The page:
DS: They provide many other benefits, for birds, shade, soil augmentation … they hold together hills so they don’t wash away .. and much more. Besides, they can be lovely. As far as I know, there are no perennial fruit trees so they can’t be used for privacy.

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The moving sale

March 21, 2019

From Karen Chung on Facebook a while back, this complex pun in the 9/25/15 Bizarro, illustrating (among other things) a nice contrast in accentual patterns: front stress (or forestress), the default for N + N compounds, in MOVING saleback stress (or afterstress), the default in Adj + N nominals, in moving SALE:


(#1) (If you’re puzzled by the odd symbols in the cartoon — Dan Piraro says there are 5 in this strip — see this Page.)

So the hinge of the pun is the ambiguity of moving: as N, (roughly) ‘the act or process of changing residence’; or as Adj, (roughly) ‘causing strong emotion, esp. of sadness’ (both senses are ultimately semantic developments from the simple motion verb move, intransitive or transitive; but they are now clearly distinct lexical items). Then from the difference in syntactic category follows the difference in accentual pattern.

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Fruit cream tarts, one with pansy

September 14, 2018

(Not suitable for Facebook, because double entendres and incidental naked men, but not actually X-rated. Mostly about food.)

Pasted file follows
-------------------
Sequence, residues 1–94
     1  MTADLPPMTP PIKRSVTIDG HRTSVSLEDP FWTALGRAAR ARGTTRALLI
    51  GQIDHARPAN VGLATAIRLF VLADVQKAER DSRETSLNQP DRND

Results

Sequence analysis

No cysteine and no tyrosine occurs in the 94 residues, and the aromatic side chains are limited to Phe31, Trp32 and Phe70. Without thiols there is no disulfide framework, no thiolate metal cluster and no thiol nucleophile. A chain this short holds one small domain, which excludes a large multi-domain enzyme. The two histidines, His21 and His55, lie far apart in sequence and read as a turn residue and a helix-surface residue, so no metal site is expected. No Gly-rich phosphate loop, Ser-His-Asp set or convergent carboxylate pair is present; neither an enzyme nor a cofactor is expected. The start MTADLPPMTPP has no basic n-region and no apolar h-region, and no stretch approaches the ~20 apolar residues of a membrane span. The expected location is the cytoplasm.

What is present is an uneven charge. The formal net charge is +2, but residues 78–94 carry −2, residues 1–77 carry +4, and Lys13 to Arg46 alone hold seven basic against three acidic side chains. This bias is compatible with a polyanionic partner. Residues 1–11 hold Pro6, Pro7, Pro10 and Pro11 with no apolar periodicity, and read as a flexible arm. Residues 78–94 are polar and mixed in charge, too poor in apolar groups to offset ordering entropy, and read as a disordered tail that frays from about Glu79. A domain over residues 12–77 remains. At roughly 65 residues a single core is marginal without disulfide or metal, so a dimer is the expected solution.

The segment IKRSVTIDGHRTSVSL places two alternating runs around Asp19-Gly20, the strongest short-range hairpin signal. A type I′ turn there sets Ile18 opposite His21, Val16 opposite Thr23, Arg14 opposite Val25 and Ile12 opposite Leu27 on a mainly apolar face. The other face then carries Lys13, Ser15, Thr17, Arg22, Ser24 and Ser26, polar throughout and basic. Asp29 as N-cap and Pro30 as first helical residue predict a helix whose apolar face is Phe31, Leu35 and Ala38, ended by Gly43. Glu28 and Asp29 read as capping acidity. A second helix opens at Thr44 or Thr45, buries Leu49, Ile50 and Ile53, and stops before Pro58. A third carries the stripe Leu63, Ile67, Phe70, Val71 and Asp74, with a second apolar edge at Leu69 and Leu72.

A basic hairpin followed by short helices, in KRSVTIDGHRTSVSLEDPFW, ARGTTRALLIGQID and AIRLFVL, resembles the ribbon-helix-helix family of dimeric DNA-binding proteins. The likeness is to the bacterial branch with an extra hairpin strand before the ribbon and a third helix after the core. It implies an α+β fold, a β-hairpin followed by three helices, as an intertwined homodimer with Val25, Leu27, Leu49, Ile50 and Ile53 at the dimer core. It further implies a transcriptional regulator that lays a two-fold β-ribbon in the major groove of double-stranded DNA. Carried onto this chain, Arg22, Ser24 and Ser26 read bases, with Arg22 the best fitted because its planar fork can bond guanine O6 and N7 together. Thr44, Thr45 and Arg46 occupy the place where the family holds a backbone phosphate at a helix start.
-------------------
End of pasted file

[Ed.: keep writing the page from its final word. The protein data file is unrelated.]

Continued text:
Fruit cream tarts, one with pansy. Plus a little Echeveria plant. These are more birthday presents from the 6th, from Juan Gomez and the aging care company he works for (a big tart — not merely una tarta, but un tartone — plus the little succulent) and from Kim Darnell (a cute fruit cream tartlet with a pansy).

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Ruthie and the language of doughnuts

August 3, 2018

The One Big Happy from July 5th, in which Ruthie and Joe get some dubious advice from their father:

(#1)

Their dad’s advice will no doubt warm the hearts of language teachers and multiculturalists, but it’s dubious as practical advice for everyday life.

Meanwhile, Ruthie wrestles with the question of how to get a language name from the noun doughnut / donut. Donuttish (with an all-purpose adjective-forming suffix, –ish) would certainly be possible, but, probably on the model of Dutch, Ruthie goes for Donutch, that is, Donut-ch (this is spoken, rather than written, by Ruthie, so it could have been spelled Donutsh, like Welsh).

(It tickles me to think of the language name as Dutchnut, a portmanteau of Dutch and doughnut. Or maybe that should be the name of the food.)

In any event, Ruthie has stumbled slant-wise onto the idea that doughnuts are of Dutch origin — an idea that confuses words and things, labels and the categories they label, but nevertheless incorporates a genuine bit of history.

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contractions

June 7, 2018

The One Big Happy from May 11th, in which Ruthie discovers that there are contractions and then there are contractions:

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Dramatic exits

May 31, 2018

A Leigh Rubin cartoon from the 22nd, illustrating an exit and a dramatic exit:

(#1)

First, this is a play on the ambiguity of exit, as a N referring to a concrete object (a door, used for exiting) or an act (of exiting). Then there’s another ambiguity, in the  sense of dramatic in the nominal dramatic exit: it could be taken literally, as ‘pertaining to a play’, but here it’s used with a figurative sense ‘melodramatic, stagey, flamboyant’ (note the man’s gesture). In its second use, dramatic incorporates a figurative sense of the N drama seen also in the (originally US gay) slang compound drama queen.